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McCarthy says offensive line could be best ever

Posted Jul 25, 2014

New practice regimen will give team Fridays off in regular season

GREEN BAY—The current Packers offense will always revolve around Aaron Rodgers, but Mike McCarthy heads into 2014 feeling stronger than ever about the guys lining up in front of his quarterback.

“This offensive line, in my opinion, in my time here, has the chance to be the best offensive line that we’ve had,” said McCarthy, who kicked off his ninth training camp with a press conference on Friday, a little less than 24 hours prior to the first practice of camp, set for Saturday morning.

“I’m excited about that group.”

It’s easy to see why. Guards Josh Sitton and T.J. Lang are entrenched veteran starters, while Bryan Bulaga is back from knee surgery to play right tackle and David Bakhtiari is a year older at the prime left tackle spot.

“David is bigger, he’s stronger,” McCarthy said of last year’s rookie fourth-round pick, who was forced to step in when Bulaga was lost for the season. “He was able to play every game last year. That’s an incredible value to have as a young player, so he’ll be better.”

Former first-round pick Derek Sherrod and versatile veteran Don Barclay provide more depth at tackle than usual as well.

The Packers are turning the center spot over to second-year pro JC Tretter, a fourth-round pick in 2013, but he’ll be the only starter lacking significant experience up front. There’s a belief he’ll make rapid progress amidst the group of linemen surrounding him.

“I was very impressed with him in the spring,” McCarthy said. “I can’t wait to see him in pads.”

He also can’t wait to see all facets of his offense clicking. The running game was reborn a season ago but only operated half the year with Rodgers at the helm.

Rodgers will continue to have numerous options in the passing game, with a receiving group led by Jordy Nelson and Randall Cobb, but the offense could have nearly as many choices in the backfield to help maintain balance.

“Running the football is important, but running the football when you have to is of most importance,” McCarthy said. “Having Aaron back there obviously makes your run game, just from him being under center. Eddie Lacy had a great rookie season. James Starks had his best year, too. I’m excited about what DuJuan Harris is going to give us. I really like the depth at the whole running back position.”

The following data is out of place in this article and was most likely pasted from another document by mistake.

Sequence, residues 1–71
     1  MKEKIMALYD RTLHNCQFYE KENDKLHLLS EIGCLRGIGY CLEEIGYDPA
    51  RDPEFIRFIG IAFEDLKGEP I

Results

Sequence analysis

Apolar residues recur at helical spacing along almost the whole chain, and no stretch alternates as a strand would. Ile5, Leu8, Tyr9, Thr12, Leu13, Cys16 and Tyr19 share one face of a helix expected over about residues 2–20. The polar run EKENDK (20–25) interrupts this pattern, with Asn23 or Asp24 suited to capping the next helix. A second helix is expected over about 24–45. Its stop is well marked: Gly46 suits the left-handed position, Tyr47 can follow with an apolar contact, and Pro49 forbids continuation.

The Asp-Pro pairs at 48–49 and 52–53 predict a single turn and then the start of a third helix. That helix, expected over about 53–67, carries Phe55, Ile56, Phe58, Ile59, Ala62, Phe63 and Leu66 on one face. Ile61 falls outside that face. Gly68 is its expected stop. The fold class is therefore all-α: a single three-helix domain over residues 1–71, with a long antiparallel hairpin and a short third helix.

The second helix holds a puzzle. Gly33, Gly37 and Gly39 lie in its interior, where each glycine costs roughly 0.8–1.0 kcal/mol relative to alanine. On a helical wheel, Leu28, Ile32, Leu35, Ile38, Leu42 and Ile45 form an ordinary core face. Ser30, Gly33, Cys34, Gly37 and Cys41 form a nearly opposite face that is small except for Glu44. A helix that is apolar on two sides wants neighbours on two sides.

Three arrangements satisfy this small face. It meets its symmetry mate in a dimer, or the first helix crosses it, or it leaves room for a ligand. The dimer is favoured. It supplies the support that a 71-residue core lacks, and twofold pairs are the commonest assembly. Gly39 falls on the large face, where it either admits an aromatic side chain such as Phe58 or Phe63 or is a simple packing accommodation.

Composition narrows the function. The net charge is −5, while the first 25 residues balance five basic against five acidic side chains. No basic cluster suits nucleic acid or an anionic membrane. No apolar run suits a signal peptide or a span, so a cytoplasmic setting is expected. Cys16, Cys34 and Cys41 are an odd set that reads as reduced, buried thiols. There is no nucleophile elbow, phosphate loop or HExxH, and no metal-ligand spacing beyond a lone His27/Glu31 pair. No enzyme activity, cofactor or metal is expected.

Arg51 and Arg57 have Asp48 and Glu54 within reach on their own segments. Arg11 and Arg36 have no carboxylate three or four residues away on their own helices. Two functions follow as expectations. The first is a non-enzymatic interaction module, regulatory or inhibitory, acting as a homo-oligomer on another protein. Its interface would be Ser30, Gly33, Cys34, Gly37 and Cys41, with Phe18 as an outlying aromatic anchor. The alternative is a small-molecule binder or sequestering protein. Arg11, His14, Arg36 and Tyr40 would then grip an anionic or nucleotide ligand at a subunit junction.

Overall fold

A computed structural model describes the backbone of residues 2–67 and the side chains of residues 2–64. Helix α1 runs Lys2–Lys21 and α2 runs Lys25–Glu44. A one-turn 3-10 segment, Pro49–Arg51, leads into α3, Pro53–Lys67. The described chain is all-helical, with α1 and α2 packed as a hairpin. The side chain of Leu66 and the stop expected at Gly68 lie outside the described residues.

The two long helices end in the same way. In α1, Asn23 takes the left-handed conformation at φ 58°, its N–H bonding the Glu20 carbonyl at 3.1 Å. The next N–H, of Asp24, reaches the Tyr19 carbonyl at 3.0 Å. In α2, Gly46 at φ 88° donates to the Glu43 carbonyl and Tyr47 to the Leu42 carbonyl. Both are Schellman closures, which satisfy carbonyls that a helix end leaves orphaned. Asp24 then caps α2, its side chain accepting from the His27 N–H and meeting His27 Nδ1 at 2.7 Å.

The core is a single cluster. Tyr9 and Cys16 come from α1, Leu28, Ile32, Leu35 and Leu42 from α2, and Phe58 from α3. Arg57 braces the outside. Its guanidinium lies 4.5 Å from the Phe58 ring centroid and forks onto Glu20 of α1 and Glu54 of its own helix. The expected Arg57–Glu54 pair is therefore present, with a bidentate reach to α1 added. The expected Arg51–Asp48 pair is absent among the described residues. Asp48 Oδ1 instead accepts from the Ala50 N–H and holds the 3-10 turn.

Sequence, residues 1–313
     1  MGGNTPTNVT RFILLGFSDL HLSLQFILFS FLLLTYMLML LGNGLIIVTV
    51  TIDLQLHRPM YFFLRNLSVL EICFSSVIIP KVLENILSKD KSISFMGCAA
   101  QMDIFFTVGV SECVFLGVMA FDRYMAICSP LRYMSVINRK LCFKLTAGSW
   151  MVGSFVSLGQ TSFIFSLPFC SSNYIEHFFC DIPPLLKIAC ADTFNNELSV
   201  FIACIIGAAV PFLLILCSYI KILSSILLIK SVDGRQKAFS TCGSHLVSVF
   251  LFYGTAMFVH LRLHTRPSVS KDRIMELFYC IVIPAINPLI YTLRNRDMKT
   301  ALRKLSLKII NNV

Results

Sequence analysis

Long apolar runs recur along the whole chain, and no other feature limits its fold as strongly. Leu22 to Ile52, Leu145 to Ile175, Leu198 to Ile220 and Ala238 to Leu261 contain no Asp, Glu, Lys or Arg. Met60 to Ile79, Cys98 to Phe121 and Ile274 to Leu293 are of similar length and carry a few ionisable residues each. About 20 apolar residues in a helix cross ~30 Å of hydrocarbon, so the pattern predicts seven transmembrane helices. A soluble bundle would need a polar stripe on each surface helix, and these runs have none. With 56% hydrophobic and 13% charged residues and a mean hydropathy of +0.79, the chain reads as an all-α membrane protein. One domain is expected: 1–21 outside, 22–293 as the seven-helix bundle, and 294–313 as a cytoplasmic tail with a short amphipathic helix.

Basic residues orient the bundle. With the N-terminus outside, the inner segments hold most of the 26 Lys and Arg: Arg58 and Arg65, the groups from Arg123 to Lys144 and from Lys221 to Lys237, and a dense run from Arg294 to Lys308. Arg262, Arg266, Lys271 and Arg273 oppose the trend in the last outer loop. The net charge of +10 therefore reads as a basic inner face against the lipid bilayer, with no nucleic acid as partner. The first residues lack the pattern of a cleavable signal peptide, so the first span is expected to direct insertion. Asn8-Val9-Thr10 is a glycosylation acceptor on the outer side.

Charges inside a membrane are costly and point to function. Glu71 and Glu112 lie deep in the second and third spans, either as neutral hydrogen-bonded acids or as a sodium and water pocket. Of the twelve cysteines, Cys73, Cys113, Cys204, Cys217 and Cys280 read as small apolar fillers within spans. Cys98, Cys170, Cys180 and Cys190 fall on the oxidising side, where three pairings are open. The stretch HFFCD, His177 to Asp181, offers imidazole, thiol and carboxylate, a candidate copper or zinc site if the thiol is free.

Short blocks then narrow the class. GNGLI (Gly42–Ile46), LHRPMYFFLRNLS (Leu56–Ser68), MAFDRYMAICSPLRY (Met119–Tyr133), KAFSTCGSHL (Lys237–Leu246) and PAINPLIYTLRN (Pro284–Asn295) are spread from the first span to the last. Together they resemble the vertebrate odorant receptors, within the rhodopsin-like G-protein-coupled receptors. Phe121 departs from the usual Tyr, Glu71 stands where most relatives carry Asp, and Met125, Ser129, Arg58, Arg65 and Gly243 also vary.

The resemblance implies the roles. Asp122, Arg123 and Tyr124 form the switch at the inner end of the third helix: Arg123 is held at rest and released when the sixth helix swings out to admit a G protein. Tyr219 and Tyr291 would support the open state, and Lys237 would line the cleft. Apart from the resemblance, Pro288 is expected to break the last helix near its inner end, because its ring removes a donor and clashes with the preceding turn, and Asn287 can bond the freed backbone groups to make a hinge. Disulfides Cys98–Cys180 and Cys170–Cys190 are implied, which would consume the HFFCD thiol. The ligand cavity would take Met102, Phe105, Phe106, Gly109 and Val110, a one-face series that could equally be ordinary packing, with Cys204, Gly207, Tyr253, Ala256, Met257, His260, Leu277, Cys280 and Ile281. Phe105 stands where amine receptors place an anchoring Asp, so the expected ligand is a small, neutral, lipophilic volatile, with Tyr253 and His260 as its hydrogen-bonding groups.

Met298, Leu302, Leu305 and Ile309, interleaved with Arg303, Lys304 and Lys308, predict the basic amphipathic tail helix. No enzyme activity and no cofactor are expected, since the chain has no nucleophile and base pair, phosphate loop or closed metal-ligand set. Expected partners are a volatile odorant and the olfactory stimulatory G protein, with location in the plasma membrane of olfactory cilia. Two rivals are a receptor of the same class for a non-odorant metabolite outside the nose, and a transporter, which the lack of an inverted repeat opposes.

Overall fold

McCarthy reiterated his excitement for a young tight end group whose development should accelerate once the pads go on, while backup quarterbacks Matt Flynn and Scott Tolzien provide more insurance against another Rodgers injury than the Packers had a year ago at this time.

Given Flynn’s experience and Tolzien’s promise, it’s possible McCarthy and GM Ted Thompson could keep three quarterbacks on the active roster for the first time in a while, but McCarthy said they won’t “overreact” to Rodgers’ injury from last year. As usual, they won’t go into training camp with an eye on specific numbers for each position.

“We’re better already, because we’ve had Matt and Scott here from Day 1, so we’ll see what happens,” McCarthy said. “Ted’s not opposed to keeping three quarterbacks, but it really depends on the competition at the other positions.”

That competition will play out primarily during the four preseason games, which will be preceded by an altered schedule compared to years past.

In a way that will mimic McCarthy’s new in-season Friday-Saturday schedule prior to a Sunday game, the Packers will not practice two days before their preseason games; they’ll conduct a light workout the day before the game. Previously, the pattern was to have the final practice in a given week two days before the game, and get the players off their feet at least 48 hours before kickoff. What it all means is the Packers will not conduct practices on Fridays prior to games on Sunday; they'll conduct a light practice on Saturdays.

It’s the first time McCarthy has changed his in-season daily schedule in nine years, though he said he’s been considering it the last few seasons. Initiating the change in training camp is designed to get the players accustomed to the new regimen.

“It’s giving the team a chance to go down and do that particular (last pre-game) practice the first time, and get it right,” said McCarthy, who also made changes to the offseason program that have him feeling better about the state of the team now than he has since the offseason restrictions in the collective bargaining agreement took effect in 2012.

“Really, the battles, the competition, the look for the right fit starts,” McCarthy said. “How we felt coming out of the offseason, it’s given us the chance as a coaching staff to really mold and galvanize the football team, but it’s a process.

“This is our most important time of year.”

 
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